Most women by now have heard of Bridget Jones and have seen the film starring Renée Zellweger as Bridget Jones, the comedic heroine, Hugh Grant as the deceitful Daniel Cleaver and Colin Firth as the hoity-toity Mark Darcy.
The novel, much like the film, starts off at the beginning of a new year. Bridget is a thirty-something singleton living in London who promises herself a bucket load of positive changes. The story follows her career, her family and her love life as well as a constant underlining of her attempts at self-improvement. She plans to quit smoking, to drink less, to lose weight, to stop fantasizing about the sexy publishing boss. It's safe to say this novel is a humorous look at a modern day woman and the issues she faces in life.
The book itself is written much like a diary would be written. We get to read the personal thoughts of Bridget, the things that she wouldn't expect anyone to read. This offers a keen insight into the mind of your average woman. She suffers from severe body image issues, longing to be like the women in magazines and on television. She also has a borderline obsession with love and finding her true-love. Of course not all women are like this, but there is a large percentage that are, which makes the novel relatable. In Bridget's defense she does have an overbearing mother and married friends pressuring her to settle down. A frequently used saying is 'tick-tock, tick-tock" and so Bridget faces a rush to find the perfect man before her biological clock times out and she ends up alone, eaten by Alsatians.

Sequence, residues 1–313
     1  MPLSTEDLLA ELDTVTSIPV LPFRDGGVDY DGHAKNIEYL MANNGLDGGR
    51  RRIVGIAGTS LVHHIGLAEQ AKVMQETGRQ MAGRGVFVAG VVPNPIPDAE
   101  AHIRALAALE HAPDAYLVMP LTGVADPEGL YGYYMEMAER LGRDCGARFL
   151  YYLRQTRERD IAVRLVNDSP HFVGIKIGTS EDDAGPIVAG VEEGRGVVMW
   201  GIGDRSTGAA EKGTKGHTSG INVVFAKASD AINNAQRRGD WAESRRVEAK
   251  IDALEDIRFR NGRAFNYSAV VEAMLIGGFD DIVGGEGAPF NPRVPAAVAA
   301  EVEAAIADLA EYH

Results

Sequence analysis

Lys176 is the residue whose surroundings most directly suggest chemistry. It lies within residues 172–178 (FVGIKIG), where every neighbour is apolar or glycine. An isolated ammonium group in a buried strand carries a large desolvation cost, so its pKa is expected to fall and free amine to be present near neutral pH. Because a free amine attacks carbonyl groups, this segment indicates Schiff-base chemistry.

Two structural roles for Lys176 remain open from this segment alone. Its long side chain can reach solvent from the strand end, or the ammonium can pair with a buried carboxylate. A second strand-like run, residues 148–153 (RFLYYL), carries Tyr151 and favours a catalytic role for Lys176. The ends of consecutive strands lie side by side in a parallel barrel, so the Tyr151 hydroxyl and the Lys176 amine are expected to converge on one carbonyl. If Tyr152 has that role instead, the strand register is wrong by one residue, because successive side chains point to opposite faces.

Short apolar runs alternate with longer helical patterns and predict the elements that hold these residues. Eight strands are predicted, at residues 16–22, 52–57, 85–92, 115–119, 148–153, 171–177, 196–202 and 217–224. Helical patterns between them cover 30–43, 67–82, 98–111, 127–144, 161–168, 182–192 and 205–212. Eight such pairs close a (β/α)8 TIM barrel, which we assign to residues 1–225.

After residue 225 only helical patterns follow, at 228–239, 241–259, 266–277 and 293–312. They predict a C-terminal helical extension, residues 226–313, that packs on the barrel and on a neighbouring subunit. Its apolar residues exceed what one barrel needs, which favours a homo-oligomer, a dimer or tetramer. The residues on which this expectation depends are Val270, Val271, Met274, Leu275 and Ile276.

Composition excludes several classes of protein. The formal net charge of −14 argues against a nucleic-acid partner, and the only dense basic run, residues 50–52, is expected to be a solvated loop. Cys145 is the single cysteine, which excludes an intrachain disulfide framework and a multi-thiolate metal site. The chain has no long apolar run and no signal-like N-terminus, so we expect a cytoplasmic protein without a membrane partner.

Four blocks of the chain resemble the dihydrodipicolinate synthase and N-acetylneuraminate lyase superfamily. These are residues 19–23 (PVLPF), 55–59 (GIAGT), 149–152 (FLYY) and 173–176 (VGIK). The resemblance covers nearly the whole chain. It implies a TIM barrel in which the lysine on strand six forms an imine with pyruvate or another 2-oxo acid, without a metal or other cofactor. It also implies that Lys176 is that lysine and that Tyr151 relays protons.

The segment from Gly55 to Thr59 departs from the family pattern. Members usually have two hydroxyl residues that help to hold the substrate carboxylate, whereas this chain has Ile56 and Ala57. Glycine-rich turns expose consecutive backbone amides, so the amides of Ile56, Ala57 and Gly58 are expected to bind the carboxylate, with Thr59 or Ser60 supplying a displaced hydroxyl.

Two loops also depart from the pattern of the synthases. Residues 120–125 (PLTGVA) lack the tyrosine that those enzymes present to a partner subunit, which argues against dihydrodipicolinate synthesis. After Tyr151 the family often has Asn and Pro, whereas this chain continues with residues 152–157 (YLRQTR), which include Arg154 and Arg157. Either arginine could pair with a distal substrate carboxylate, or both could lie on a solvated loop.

Heavily satirical themed, this is a story of real love. It's not even remotely close to perfect and there are many bumps along the way. There are heart-breaks, lies and disappointments but even through the hard times Bridget remains relatively positive and always continues on her quest for love. It's an admirable trait and makes the character extremely likable.
There are times throughout the novel in which Bridget seems to switch from 'diary mode' into present mode. This is to say that, there are times that she's documenting events at a time when she shouldn't be capable of writing anything. This eradicates some of the emersion of the book but Helen manages to keep the words flowing fluidly.
Overall the novel is on par with the film; it's a light-hearted novel that I would suggest any Rom-Com fan pick up. There are significant differences from the movie, particularly with her family. It still feels like Bridget Jones however and if you like the film, you'll love the novel.